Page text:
As part of maintaining a risk management plan, home visits will be completed. The frequency of the home visits will be determined by the category of assessed risk. As a minimum requirement, MAPPA Level 1 cases will be visited once every twelve months, Level 2 cases will be a minimum of every six months and Level 3 cases will be a minimum of every three months. If there is any new information or incident which indicates that a person under MAPPA has an increased risk to the public, this should prompt more frequent visits to take place. People can move between MAPPA levels if assessed to be more or less dangerous over time.

Although risk of harm can be managed by the MAPPA process, it cannot be eliminated.

A management plan is created for each offender who is subject to MAPPA. A management plan is highly specific to each offender and their offending history. Some things that can be included in a management plan include:

Police officers involved with MAPPA

What powers do MAPPA have?

  • Accommodation at an Approved Premises where the offender can be monitored.
  • A set of licence conditions such as not having contact with children, or going within an exclusion zone.
  • An expectation to report to an Offender Manager every week in order to undertake offending reduction counselling and work as part of their licence conditions.
  • A Civil Order such as a Sex Offender Prevention Order (SOPO) in order to prevent the offender from engaging in certain activities. This could be not entering an area where a victim resides or not to have unsupervised contact with children.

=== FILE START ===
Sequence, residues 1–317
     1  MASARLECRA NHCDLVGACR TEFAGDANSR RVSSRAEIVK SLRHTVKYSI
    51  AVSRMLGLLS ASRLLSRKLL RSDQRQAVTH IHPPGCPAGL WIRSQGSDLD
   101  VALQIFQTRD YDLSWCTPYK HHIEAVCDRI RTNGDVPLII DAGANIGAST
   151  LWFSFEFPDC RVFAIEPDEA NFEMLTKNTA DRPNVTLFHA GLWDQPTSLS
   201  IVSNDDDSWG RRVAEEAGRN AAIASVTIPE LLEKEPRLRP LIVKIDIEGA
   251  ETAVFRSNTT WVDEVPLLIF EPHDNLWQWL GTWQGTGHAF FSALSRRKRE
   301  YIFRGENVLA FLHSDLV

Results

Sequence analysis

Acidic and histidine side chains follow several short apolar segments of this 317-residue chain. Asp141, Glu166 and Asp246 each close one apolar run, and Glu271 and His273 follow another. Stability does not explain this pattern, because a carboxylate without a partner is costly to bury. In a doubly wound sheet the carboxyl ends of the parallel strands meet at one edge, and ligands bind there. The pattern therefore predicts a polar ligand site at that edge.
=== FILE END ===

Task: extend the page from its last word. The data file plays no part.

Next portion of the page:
• A disclosure of information being given to a member of the public for their protection.
  • In some extreme cases there may be covert monitoring of an offender in order to protect the public from harm.

A MAPPA serious case review would be needed whereby a MAPPA offender managed at either Level 2 or 3 is charged with committing an offence of murder, manslaughter or rape, or attempting to commit murder or rape. The purpose of the serious case review is to look in detail at how the case was managed by the agencies involved and whether MAPPA guidance and policies were followed appropriately. It is vital that everything is recorded appropriately, all completed actions are documented and meeting minutes are taken accurately.  

A Sexual Harm Prevention Order (SHPO) can be applied to anyone who is convicted or cautioned for a specified sexual or violent offence. This includes offences which are committed overseas. The court needs to be satisfied that the order is necessary for protecting members of the public from sexual harm. SHPOs make individuals subject to notification requirements and prevent them from doing anything set out in the SHPO. This could include things like not travelling abroad. These will be in place for at least 5 years or another specified time which will be set out in the order. 

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About the author

Claire Vain

Claire Vain

Claire graduated with a degree in Social Work in 2010. She is currently enjoying her career moving in a different direction, working as a professional writer and editor. Outside of work Claire loves to travel, spend time with her family and two dogs and she practices yoga at every opportunity!